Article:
It's lunchtime at McKinley Elementary School in San Diego, and the kitchen is filled with the aroma of chicken teriyaki and hamburgers. But there are no pots or cooking utensils in sight. An industrial four-burner stove sits idle.
Three workers bustle from the refrigerator, oven and food-warming box, preparing racks of reheated frozen foods. As students line up, the staff sets out trays of burgers, bean-and-cheese burritos and chicken stir-fry with rice.
Like many school districts in the state, the San Diego Unified School District doesn't have the equipment or staff to cook fresh meals from scratch. It does its best with limited federal funding. After accounting for labor and overhead, the district has about $1 left to spend on each lunch, so it relies heavily on processed foods.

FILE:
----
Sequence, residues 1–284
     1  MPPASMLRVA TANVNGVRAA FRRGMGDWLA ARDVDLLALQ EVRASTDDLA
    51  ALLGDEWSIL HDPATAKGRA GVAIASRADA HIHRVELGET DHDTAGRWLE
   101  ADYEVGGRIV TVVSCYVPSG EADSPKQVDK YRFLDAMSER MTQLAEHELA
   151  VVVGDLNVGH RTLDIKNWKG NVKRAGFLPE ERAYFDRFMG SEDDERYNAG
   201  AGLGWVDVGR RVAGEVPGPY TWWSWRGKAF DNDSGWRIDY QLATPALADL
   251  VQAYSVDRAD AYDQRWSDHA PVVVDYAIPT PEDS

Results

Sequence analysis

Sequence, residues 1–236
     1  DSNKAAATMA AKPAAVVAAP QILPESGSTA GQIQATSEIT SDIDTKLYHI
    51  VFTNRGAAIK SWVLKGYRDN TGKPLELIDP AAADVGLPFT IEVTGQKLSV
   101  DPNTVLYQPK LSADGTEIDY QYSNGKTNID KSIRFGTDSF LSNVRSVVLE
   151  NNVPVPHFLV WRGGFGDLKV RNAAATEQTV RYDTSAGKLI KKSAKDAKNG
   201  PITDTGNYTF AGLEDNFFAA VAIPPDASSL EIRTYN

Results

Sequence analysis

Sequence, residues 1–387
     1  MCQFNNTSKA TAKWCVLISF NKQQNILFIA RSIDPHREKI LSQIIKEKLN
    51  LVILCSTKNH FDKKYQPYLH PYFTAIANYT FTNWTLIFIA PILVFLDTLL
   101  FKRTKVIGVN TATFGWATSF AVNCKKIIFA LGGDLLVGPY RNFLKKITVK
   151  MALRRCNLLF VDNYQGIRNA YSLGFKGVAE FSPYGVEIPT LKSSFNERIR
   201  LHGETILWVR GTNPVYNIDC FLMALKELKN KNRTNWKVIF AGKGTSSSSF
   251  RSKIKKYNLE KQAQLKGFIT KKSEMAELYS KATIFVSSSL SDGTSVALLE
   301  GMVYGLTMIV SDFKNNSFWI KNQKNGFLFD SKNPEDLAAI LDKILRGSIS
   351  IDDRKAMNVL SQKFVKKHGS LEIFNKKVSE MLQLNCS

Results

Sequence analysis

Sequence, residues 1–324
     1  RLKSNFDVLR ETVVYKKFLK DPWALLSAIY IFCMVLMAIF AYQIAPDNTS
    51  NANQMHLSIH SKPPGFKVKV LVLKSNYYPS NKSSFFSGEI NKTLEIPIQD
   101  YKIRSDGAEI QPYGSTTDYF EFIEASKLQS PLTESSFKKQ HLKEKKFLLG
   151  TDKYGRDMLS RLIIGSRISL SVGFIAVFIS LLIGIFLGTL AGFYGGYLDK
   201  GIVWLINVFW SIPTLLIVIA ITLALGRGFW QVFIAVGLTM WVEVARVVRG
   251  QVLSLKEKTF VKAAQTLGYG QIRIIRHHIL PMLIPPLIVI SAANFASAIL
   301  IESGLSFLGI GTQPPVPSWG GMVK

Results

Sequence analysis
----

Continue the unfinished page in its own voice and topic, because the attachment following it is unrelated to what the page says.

The district works hard to serve fresh produce, offering salad bars at nearly every campus. But when state inspectors visited the district five years ago, they found some of the lunches missed federal nutritional requirements. Nutritionists evaluated one week's worth of meals and found some lacked sufficient calories and had excessive amounts of fat and sodium.